INTRAINDUSTRY SPECIALIZATION AND THE UNITED STATES–CENTRAL AMERICA–DOMINICAN REPUBLIC FREE TRADE AGREEMENT
The Developing Economies, 2007, vol. 45, issue 4, 491-506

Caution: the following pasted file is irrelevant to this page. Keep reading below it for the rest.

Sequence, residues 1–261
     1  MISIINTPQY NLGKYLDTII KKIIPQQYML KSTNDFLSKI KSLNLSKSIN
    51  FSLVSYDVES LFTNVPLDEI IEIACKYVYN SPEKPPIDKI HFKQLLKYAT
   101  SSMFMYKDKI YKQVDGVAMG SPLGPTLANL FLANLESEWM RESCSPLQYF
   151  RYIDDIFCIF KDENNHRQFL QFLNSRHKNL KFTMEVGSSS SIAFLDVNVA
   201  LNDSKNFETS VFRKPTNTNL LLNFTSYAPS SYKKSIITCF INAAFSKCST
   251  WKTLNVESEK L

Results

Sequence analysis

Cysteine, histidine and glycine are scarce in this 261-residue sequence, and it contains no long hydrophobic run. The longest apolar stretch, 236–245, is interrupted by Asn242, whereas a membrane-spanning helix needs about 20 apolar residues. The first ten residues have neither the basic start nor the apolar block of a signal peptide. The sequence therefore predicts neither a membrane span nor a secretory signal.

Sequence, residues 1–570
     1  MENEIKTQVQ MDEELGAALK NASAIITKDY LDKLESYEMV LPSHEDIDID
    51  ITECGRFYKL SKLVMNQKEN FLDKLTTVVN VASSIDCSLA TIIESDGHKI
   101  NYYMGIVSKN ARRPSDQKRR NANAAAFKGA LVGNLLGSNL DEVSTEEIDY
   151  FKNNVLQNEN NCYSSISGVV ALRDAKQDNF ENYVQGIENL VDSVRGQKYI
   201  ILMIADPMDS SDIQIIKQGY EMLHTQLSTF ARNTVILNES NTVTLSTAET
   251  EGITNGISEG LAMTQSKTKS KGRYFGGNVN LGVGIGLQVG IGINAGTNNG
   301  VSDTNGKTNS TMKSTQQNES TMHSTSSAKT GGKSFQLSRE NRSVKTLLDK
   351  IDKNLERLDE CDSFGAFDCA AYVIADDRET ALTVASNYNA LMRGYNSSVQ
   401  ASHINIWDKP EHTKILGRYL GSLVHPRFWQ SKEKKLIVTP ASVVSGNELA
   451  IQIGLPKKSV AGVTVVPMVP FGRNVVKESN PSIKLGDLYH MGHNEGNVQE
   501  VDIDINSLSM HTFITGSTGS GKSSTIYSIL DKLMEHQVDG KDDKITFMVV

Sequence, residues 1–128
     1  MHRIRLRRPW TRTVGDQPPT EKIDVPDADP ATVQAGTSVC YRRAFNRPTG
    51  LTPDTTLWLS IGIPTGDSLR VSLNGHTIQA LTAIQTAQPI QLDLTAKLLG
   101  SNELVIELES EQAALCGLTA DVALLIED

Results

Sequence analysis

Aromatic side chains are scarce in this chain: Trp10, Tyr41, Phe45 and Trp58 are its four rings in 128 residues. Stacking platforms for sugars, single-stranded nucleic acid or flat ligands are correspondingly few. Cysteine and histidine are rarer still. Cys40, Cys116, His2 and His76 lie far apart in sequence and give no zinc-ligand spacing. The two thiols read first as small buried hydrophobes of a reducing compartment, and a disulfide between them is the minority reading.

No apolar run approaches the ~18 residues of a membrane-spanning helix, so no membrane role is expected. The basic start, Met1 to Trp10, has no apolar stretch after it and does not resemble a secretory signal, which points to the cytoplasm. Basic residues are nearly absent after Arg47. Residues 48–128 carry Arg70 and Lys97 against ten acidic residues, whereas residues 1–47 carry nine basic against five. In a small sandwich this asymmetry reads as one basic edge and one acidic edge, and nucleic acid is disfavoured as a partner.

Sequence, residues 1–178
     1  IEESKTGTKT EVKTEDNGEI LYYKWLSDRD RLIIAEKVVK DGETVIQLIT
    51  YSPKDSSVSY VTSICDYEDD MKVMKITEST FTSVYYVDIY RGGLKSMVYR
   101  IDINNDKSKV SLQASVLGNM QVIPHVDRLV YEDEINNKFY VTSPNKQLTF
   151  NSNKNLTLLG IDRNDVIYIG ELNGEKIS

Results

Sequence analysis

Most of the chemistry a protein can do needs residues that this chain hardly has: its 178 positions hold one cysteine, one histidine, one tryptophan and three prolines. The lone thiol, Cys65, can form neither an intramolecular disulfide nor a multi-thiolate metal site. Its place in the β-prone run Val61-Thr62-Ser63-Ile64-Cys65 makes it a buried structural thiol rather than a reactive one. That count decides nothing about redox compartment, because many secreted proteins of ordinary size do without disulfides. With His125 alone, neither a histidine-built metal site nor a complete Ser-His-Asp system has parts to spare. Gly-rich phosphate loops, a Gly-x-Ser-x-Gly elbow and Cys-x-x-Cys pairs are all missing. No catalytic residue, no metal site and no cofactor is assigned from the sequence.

This paper examines changes in intraindustry specialization indicators over the 1992–2004 period to assess the potential for structural adjustment problems that may arise in the United States with growth in trade resulting from the United States–Central America–Dominican Republic Free Trade Agreement (CAFTA‐DR) between the United States and six Central American countries—Guatemala, Honduras, El Salvador, Nicaragua, Costa Rica, and the Dominican Republic. CAFTA‐DR will expand market access for US exporters. Few US industries are likely to encounter structural adjustment problems. Given the relatively large size of the US economy, and the small number of industries that face potential adjustment pressures, the United States should have liberalized all trade immediately. When potential adjustment pressures are indicated, long tariff phaseouts, complex rules of origin, and import safeguards are used to delay factor adjustments in import‐sensitive industries.
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